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The deficit in specific spelling difficulty

Reading and writing are opposite processes. In reading, printed symbols (graphemes) are converted into their corresponding sounds (phonemes); in writing, phonemes are converted into their corresponding graphemes.

Spelling in the English language requires knowledge of the inconsistent rules for converting phonemes into the appropriate graphemes. The poem at the beginning of the previous chapter (p. 43) demonstrated how variable these rules are. A particular phoneme may be represented by different graphemes (for example, snuff and enough), and the same grapheme may correspond to different phonemes (for example enough, hiccough, and cough). Words with the same phoneme, but different graphemes, are called homophones (for example, shoot and shute).

Correct spelling is not usually possible until the child reaches the phonological stage (which was described in the last chapter). It is only at this stage that awareness of grapheme-phoneme correspondence begins. There is some evidence that children enter this phase earlier for reading than writing.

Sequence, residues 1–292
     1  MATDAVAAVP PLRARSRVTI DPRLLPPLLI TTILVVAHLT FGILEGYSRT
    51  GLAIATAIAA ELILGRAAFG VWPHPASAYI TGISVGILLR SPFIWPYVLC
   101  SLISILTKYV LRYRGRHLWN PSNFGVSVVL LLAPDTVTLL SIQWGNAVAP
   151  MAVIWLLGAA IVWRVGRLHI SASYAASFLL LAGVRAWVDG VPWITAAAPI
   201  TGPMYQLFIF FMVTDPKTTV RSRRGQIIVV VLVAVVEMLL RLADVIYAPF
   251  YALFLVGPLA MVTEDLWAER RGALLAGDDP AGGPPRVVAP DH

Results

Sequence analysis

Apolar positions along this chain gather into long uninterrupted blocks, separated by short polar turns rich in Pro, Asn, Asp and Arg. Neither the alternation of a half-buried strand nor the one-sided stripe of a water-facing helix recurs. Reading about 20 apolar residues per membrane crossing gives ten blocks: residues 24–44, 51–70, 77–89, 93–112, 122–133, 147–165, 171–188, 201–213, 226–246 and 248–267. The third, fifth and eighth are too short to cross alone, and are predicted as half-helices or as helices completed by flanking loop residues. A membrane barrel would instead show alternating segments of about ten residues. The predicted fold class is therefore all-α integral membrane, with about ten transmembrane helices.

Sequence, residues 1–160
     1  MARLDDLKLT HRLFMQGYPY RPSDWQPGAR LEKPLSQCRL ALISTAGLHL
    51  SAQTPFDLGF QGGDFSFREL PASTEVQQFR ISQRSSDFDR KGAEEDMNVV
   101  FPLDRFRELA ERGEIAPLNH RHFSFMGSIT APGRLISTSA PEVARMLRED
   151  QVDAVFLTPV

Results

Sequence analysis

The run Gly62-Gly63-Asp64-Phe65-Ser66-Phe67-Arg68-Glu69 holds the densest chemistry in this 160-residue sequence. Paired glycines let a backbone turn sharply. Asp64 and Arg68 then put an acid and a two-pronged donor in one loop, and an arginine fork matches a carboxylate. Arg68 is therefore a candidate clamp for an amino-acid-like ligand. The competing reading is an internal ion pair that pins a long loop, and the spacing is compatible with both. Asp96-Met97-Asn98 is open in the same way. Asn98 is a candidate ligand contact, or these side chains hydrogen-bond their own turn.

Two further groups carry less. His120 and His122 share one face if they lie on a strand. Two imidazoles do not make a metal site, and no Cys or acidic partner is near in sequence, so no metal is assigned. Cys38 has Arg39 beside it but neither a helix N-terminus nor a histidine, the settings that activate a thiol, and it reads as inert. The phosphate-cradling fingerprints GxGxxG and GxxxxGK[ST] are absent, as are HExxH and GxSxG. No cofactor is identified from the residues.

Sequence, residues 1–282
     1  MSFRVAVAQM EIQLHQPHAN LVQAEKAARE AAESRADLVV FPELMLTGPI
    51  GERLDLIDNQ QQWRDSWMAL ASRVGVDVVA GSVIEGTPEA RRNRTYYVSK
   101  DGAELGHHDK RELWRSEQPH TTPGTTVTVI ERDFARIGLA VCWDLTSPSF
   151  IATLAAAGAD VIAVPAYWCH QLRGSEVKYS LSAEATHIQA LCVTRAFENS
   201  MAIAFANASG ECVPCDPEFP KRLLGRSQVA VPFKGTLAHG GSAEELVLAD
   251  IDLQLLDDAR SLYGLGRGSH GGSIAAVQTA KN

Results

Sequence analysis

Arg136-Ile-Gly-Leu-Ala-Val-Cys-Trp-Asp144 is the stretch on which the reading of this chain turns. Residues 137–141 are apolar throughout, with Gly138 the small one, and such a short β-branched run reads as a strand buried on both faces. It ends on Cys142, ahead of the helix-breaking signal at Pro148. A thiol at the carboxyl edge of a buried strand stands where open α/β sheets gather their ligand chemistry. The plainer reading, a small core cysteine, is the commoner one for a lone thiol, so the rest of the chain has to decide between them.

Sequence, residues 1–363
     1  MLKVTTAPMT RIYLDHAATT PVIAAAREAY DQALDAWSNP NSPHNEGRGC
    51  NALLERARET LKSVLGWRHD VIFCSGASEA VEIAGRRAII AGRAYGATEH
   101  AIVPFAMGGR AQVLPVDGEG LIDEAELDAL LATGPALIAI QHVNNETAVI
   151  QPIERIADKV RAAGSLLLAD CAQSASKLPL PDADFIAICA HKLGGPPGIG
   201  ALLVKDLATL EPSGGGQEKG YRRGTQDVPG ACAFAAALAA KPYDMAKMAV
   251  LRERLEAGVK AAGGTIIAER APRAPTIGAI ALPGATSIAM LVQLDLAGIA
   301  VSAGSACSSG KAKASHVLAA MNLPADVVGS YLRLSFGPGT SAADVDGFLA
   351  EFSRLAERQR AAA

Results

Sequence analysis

It has been postulated that the spelling process consists of the steps shown in Figure 6.2. The word is first thought of in a part of the brain (cognitive system), and needs to enter a graphemic buffer, which will control the way it is spelt when written.

There are two different paths that the process can follow from the cognitive system to the graphemic buffer. If the word is familiar, it follows route A, if it is unfamiliar, route B must be followed.

Route A, for familiar words, involves matching the word to a store of words whose spelling is already known. This is a dictionary or ‘lexicon’ system, analogous to that used when familiar words are read.

Route B, for unfamiliar words, involves a phonological system where the word is broken down into its component sounds (phonemes), which are then

The spelling process in the brain

Figure 6.2 The spelling process in the brain.

processed by a phoneme-to-grapheme converter, prior to entering the graph- emic buffer. The buffer controls the way the word is written down.

Once we see a word we have written down, after processing it through route B, we may realize that we have seen it before: we can then process it again, this time through route A, and correct it. This is probably the reason that we find it easier to spell words if we write them down first.

There is evidence that children with isolated spelling difficulty differ from children with combined reading and spelling difficulty on tests that identify the underlying cognitive deficit. Studies show that children with isolated spelling defects have relatively better language skills and that their difficulties lie in the phonological pathway (route B). Children with combined reading and specific spelling difficulty seem to have weaker language skills and have phonetic (phonological), as well as non-phonetic (lexical), deficits in spelling (routes A and B).

 
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